Walking home through Brighton today I found myself passing through the North Laine shopping area, an old haunt of mine. It's a mixture of the vibrant, cool, quaint and curious with record and clothes shops, cafes, bookshops and pubs and an old favourite emporium, Snoopers' Paradise.
Seeing a Chinese supermarket, Yum Yum, I casually wandered in. With no cash to spend, it was little more than a self indulgent opportunity to touch the raw nerves of my recent loss, to take pleasure in the pain of absence and a masturbatory attempt to show off my knowledge of their fare. "Do you have do-pi," I asked. The young Asian shop attendant looked puzzled.
"It's a kind of dried do-fu, I said.
"Yes, tofu." I replied, trying not to be a dick.
She asked her manager and we found something close to the Taiwanese version I was familiar with in the dried foods aisle. For future reference I was happy, but that wasn't the real reason for being there. I looked around some more making mental notes and conjuring images of my Taiwanese life before buying some pak choi and leaving.
A little further down the road I came across a cycle shop I used to use. Once I had some cash, I'd be needing a new tube and in due course a new pump and some other bits and bobs. Again, with no real motivation other than to talk to someone, I went in. A guy was reassembling a bike clamped to a stand in the shop front but seemed free to talk. I said I'd be needing a pump and was there any particular type that he'd recommend before admitting that I was just checking out the market and, to be honest, having just returned from Taiwan, sussing out which bike shop I'd be using. "Wow," he said. "How long were you there?"
"I lived there for nine years," I said. "but er, actually, I cycled from England to Singapore before arriving," as if I'd had no option but to let on. There followed the regular chat, a combination of faux modesty and genuine pride in what I'd done ten years ago. I left saying I'd almost certainly be back once I'd got things together.
Finally, towards the end of the line of route I'd taken so many times before, I came to The Wax Factor, the second hand record shop where I used to buy most of my records. I'd walked past a couple of times since I'd been back but this time I went inside. I'm not sure quite what I was expecting but the deep, half-lit chamber lined with racks of classic LPs was much as it ever had been. Unsure where to start, I dived in randomly and flicked leisurely through the vinyl, occasionally taking a disc out of its sleeve to hold it in my hands, as if by touching it I would bring myself closer to the musicians who'd made it. I breathed deeply of that atmosphere, real and metaphorical, found in second hand book and record shops.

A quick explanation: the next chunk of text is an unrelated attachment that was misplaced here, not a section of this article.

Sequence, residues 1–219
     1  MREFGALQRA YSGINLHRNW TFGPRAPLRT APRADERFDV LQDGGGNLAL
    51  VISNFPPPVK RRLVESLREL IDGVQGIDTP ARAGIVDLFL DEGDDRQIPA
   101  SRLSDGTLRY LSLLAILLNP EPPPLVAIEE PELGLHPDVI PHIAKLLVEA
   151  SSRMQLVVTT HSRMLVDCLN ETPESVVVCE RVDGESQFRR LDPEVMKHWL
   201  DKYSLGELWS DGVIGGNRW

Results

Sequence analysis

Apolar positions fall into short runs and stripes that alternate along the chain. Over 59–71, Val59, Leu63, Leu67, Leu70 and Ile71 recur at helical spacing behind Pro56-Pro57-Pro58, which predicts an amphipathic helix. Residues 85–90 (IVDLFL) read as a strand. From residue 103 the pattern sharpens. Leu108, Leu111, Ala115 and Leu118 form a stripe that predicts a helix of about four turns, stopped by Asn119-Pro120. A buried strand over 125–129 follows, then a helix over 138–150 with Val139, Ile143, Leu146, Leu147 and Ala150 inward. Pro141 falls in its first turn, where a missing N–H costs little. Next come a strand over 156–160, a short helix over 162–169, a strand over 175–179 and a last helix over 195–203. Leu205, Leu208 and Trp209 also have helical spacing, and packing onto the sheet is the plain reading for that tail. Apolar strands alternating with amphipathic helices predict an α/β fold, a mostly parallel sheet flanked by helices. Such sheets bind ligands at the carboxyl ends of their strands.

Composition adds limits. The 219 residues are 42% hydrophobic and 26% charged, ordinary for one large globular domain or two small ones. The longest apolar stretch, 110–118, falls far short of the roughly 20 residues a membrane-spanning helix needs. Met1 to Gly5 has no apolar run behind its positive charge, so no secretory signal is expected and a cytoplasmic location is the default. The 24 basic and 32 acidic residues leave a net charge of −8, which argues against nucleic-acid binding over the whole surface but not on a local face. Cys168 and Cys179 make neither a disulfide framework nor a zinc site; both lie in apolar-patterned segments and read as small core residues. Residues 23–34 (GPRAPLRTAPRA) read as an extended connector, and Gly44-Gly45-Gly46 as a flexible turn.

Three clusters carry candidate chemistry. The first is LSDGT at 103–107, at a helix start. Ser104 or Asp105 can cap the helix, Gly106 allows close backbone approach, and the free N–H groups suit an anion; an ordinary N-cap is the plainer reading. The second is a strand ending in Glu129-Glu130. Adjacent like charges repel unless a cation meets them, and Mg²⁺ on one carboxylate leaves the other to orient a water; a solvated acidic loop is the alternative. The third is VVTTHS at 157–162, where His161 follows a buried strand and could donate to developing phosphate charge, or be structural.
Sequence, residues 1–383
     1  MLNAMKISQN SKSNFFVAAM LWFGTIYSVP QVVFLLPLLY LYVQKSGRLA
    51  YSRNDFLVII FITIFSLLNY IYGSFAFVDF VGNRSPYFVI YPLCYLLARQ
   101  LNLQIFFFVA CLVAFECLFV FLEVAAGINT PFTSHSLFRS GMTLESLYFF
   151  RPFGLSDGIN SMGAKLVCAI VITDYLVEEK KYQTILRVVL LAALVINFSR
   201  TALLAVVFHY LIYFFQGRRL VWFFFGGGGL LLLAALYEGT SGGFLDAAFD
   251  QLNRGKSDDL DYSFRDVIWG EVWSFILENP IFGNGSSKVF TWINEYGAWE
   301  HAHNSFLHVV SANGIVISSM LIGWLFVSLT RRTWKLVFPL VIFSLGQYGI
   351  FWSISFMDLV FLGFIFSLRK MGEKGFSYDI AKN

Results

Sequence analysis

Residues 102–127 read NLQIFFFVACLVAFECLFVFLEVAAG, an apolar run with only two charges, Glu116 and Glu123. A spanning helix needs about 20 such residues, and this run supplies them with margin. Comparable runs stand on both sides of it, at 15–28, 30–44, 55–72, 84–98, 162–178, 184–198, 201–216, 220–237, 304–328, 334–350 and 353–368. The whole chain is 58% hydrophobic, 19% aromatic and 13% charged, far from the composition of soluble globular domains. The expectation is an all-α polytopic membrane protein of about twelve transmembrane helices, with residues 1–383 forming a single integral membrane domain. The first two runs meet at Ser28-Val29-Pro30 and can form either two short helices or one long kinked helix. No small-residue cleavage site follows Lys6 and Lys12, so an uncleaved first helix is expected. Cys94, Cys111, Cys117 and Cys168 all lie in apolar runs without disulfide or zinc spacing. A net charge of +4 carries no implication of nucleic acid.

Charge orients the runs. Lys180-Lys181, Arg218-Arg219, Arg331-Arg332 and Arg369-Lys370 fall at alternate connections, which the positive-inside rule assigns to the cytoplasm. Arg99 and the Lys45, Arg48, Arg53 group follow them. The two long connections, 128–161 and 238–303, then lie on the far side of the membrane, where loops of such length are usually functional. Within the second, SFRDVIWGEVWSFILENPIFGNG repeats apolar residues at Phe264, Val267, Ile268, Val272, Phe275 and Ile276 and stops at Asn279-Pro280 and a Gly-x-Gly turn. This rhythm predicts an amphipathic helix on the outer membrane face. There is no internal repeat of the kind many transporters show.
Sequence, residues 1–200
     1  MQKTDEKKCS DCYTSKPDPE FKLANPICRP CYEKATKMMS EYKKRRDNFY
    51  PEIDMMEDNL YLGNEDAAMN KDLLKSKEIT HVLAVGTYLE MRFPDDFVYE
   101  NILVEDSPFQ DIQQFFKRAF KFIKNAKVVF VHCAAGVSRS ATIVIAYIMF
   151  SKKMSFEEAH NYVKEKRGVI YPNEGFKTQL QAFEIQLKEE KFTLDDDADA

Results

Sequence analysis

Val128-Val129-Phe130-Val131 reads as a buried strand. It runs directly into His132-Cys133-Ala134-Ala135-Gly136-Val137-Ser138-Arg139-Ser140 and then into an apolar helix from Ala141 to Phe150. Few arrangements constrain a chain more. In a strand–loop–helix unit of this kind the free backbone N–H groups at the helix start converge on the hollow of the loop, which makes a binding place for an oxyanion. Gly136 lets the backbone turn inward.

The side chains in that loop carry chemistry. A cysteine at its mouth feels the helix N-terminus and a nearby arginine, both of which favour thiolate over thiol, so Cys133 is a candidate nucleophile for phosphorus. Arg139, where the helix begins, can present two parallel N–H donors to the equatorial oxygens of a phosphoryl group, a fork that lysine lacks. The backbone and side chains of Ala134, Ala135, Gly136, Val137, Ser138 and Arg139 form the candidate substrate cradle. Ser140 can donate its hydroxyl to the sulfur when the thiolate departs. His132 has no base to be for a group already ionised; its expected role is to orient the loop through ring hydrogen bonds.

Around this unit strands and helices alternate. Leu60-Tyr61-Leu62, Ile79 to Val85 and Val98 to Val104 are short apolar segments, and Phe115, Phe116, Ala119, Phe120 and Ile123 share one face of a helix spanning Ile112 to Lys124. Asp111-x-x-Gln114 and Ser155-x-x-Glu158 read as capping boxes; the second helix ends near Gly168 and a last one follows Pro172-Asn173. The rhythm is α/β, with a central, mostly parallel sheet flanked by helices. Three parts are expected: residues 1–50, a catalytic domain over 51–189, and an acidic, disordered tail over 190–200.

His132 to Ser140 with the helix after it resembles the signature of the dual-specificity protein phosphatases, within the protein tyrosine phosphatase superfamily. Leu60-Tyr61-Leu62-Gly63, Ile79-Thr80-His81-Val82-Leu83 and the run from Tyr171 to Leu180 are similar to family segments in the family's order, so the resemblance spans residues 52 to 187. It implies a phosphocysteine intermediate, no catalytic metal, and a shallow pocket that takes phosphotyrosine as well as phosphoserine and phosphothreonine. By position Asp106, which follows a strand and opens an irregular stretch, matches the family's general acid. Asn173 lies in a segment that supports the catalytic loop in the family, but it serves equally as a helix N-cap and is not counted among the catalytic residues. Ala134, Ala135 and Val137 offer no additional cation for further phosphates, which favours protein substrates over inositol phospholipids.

On a high shelf out of casual reach, was a copy of Led Zeppelin III. "Limited Edition 200g vinyl, £60," said the sign. Having an old copy of the same record myself made me curious just how special 200g was compared to a regular disc. It also gave me a chance to talk to the long haired, bespectacled owner who'd probably sold me my first record 20 years ago.
It wasn't hard for me to drop in that I'd been away for ten years and, hadn't vinyl made a wonderful recovery in that time. With MP3s superseding CDs as the utilitarian means of music delivery, vinyl was now a premium product. I mentioned of course, that I used to be a regular and it was nice to be back, and then I was on my way.
It's natural to want to share your experiences, to reingratiate yourself into society and give yourself a right to be there. And you can only talk about what you know. But the fact is, in the scheme of things, your experiences are personal and for the most part, the butcher's wife running off with the newsagent's daughter is far more significant.
Hence the blog.